Tapas: Pinchos Morunos | Moorish Skewers

Pincho, or pinchito, means “little thorn” or “little skewer,” so pincho moruno roughly translates as Moorish kabobs and is a typical tapa of the Spanish autonomous communities of Andalusia and Extremadura. Being Muslims, the Moors made similar dishes with lamb. Christian Spain took their traditional spice mixes and applied them to preferred chicken and pork. During the summer, pinchitos are often served with bread, wedges of lemon, and wine. Usually, these skewers are made during the barbecue season. Steps 5 nd 6 of this recipe show how to make this delicious appetizer using the convenience of your indoor kitchen, rain or shine.

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Salo #1 | Dry Salted Pork Belly

Pork Belly with Skin

Even though true salo comes from the back of the pig, a thick pork belly with one or two thin layers of meat is what most of Ukrainians consider a treat as well. In any case, it’s a good start for homemade salo in Texas. There are different ways to make salo: dry and wet salting, using cold and hot brine, making it cold or hot smoked. Adding other ingredients to salt rub or brine changes the recipe from region to region. In Kharkov and Poltava region, I’ve seen salo made with salt and garlic only. In Western regions, black pepper and paprika are added to salt. The recipe below is my first experiment with local pork belly and dry salt rub and covers both variations.

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Soviet Korean-Style Carrot Salad

Korean-Style Spiced Carrot Salad

Korean-Style carrot salad is another phenomenon of Soviet cuisine nad my favorite way of eating carrots. Julienned carrots are seasoned with salt (and sugar if needed) and quickly marinated with spices, chili peppers, vinegar, and vegetable oil. Due to its popularity all over former Soviet republics and now internationally, there are variations for spices, the level of heat from chili peppers, for kinds of vinegar and oils to use, and where oil should be cold or hot. This recipe is my family version adapted to local, not very sweet carrots.

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Galician Pie Made in Texas

Empanada Gallega

Empanada Gallega is popular all over Spain and around the world, it is one of the most known Spanish dishes.

The dough is made of wheat flour, fat (lard or oil), and water. The base for the filling is sofrito — onions and peppers — plus seafood or meat. Empanada Gallega is served freshly cooked or cold, sliced into portions, as an appetizer or tapas. The most common versions of this pie are made with canned tuna, scallops, and chopped pork sausage. My absolute favorite are scallops.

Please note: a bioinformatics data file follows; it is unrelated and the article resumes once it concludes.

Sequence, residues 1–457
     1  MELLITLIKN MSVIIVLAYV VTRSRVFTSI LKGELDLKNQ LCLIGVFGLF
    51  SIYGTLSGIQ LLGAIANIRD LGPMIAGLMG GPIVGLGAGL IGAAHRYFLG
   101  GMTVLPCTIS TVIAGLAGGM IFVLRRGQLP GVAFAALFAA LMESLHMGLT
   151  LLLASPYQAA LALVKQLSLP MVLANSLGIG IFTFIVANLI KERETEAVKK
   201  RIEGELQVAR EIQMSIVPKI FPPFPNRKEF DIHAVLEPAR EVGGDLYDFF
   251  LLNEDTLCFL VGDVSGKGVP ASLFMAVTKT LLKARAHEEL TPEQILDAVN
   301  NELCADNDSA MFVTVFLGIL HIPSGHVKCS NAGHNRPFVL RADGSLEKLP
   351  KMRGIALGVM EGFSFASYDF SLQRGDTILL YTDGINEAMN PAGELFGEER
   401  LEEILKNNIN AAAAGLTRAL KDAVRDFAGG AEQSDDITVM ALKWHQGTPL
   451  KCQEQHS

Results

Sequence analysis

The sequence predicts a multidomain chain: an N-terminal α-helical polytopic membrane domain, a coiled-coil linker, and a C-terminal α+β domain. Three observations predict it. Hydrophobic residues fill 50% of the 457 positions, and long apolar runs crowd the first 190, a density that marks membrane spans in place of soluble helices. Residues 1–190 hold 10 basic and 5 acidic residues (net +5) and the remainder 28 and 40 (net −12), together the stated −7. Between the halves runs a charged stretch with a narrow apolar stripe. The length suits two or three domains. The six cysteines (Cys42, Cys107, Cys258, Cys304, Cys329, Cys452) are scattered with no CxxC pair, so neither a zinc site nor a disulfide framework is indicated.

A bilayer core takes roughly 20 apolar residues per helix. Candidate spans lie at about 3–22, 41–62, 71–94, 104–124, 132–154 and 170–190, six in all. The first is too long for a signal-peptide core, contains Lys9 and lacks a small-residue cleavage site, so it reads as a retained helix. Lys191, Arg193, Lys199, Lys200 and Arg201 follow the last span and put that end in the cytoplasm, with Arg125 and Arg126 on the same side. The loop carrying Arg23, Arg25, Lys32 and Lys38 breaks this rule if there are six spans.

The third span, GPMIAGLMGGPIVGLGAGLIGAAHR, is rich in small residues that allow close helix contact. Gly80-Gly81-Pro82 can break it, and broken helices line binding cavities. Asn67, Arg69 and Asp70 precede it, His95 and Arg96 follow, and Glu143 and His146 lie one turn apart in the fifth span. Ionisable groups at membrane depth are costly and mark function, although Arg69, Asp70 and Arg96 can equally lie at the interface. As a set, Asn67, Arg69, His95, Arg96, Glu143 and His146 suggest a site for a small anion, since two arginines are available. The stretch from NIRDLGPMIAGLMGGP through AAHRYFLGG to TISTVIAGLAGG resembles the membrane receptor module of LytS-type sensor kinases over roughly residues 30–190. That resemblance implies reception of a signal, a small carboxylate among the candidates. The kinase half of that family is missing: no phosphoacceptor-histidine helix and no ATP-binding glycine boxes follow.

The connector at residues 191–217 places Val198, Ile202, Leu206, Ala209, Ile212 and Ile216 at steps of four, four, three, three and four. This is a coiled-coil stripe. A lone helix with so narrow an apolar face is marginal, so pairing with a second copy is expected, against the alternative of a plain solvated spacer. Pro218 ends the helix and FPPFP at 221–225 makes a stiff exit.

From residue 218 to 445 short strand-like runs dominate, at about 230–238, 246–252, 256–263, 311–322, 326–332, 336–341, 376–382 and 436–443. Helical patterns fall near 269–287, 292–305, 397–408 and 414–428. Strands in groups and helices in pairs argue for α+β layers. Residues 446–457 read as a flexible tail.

Empanadas Gallega can be large or small, round or square; they can be shaped as a large crescent and named empanadillas. As it often happens with famous dishes, there are many recipes of this pie. Mine is based on the original recipe in Spanish from recetaempanadagallega.com, which is featured as one of the best recipes of this pie. It uses a very interesting cooking method to prepare vegetable filling — peppers and onions are poached in oil, strained, and the same flavored oil is used for making pie dough. Which is genius!

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Dukkah’s Exotic Charm

Grilled vegetables with labne and dukkah

Just reading the list of ingredients convinced me I have to make it: roasted hazelnuts and sunflower seeds, fennel and cumin seeds, dried green peppercorns, coriander seeds, sesame, nigella, sea salt, and sweet paprika. Ottolenghi suggests sprinkling this mix over leafy salads, roasted vegetables, bean pastes, and rice and legume dishes. “It adds an exotic charm,” — he says. And it’s true to the letter!

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Asustar el Pulpo! Scare an Octopus!

Pulpo a la Gallega

Treasures I bring home from my travels are mostly not material. They are memories, pictures, and recipes. I love traveling for many reasons, but seeing my friends who live far away is the most valuable experience. And sometimes, I am lucky to meet in real life people I knew for years virtually, which always feels magical to me. That’s why my last trip to Barcelona was so special. It completely changed my views on pastry world AND I finally have met in person two wonderful women I knew virtually for ages — Maria and Julia. Both of them are passionate about food and are my never-ending inspiration for traditional and modern Spanish dishes and desserts.
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